3. It helps to like math – I use a lot of algebra and geometry, but not much calculus.

Yoko Nomura

  1. I am currently working on projects for road reconstruction and ADA improvements to sidewalks.  Improved design can provide safer and more enjoyable spaces for everyone including vehicles, bikers, pedestrians, and those with wheelchairs.
  2. For about a year, I had help from a couple of younger engineers to complete several projects. It was a great learning experience to understand how trust plays out in project management and to see my weakness and strengths from a different angle.  It became my career highlight thanks to the great personalities of those two engineers and my supervisor at that time.  I recently entered a new field and work under other people again, but I feel that those experiences I had in that year is helping me be a better team player.
  3. Many tasks are tedious, repetitive, and not so grandiose.  Every small task is an important element to completing a big project successfully. It is vital for engineers to create an environment where team members can communicate openly. If there is any fear or doubt in the team (like the small fears and doubts we have in daily life), it undermines the efficiency and successful completion of work and in the worst case, the safety of the public.

Becca Welch

  1. Right now the projects that I am working on are mostly MnDOT reviews for the I-94 design-build projects. These projects help improve and maintain the public infrastructure people use every day.
  2. A career highlight  would be getting to go to the water resources conference. Its really great to learn and share with others in the field.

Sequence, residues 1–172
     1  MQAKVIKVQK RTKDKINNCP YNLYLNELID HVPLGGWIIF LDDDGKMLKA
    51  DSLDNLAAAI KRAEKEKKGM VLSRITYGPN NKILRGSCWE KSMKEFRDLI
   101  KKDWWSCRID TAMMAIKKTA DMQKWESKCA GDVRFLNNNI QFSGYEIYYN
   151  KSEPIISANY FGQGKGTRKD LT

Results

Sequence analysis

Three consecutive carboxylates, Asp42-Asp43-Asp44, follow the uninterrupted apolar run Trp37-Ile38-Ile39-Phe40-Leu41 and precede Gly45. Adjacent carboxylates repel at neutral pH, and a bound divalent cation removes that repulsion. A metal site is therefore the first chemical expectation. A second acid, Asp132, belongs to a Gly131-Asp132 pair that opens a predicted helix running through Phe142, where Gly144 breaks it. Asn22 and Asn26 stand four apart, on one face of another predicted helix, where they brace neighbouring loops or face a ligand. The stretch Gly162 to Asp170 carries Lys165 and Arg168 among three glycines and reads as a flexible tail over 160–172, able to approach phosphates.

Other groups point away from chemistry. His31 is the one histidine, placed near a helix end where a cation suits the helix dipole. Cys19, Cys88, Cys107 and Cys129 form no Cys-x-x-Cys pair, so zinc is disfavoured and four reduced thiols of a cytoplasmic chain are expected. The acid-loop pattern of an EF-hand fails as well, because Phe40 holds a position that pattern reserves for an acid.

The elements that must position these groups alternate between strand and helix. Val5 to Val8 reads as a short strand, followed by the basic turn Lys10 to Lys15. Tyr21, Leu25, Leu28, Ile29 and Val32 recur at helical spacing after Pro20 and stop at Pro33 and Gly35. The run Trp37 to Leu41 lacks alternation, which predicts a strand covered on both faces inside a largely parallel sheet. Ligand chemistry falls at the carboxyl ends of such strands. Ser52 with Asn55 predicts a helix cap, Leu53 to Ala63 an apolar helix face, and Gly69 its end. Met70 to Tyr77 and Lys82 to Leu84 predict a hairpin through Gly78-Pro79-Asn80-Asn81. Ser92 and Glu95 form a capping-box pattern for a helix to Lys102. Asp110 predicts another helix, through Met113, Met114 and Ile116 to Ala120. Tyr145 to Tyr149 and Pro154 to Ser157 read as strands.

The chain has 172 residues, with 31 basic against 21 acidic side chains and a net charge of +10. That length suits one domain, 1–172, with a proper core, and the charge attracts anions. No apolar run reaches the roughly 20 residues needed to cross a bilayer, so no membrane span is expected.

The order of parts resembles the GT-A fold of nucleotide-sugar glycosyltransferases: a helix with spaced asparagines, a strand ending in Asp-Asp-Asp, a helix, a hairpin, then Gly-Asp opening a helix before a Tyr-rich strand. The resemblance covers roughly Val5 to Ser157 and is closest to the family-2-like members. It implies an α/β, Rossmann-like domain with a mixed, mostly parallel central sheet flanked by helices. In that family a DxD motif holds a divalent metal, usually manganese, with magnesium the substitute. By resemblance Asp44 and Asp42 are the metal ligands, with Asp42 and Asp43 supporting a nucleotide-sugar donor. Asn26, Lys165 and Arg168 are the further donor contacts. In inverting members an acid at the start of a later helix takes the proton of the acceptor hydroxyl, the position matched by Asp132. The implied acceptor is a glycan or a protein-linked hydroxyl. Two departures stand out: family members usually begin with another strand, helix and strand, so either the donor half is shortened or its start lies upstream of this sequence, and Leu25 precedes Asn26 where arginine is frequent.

3. It’s very collaborative. I remember in school there were plenty of people who just wanted to do everything themselves, but  once you’ve graduated you’re always working in a team.

Savannah Hintsala

  1. Currently, I am assisting with a wastewater odor control study (glamorous, I know). We are collecting samples and taking pH and temperature readings to monitor the effectiveness of an added chemical that is meant to reduce levels of chemicals that create odor. Sanitary sewer manholes and pipes are everywhere throughout our cities and by reducing odor, the comfort and health of the public is improved.
  2. My career highlight so far has been the mentoring that I have received. I have grown so much since I started my career because of the support and encouragement that has been given to me. I love that I am pushed to strive for more, to have pride in my ideas and embrace that there is always something to improve upon to become a better coworker, engineer, and individual.
  3. Being an engineer is more than just crunching numbers, drafting and designing things. It is also learning how to work with others collaboratively, acknowledging and growing from weaknesses and mistakes, and supporting your teammates. The strength of the team is what really creates good work.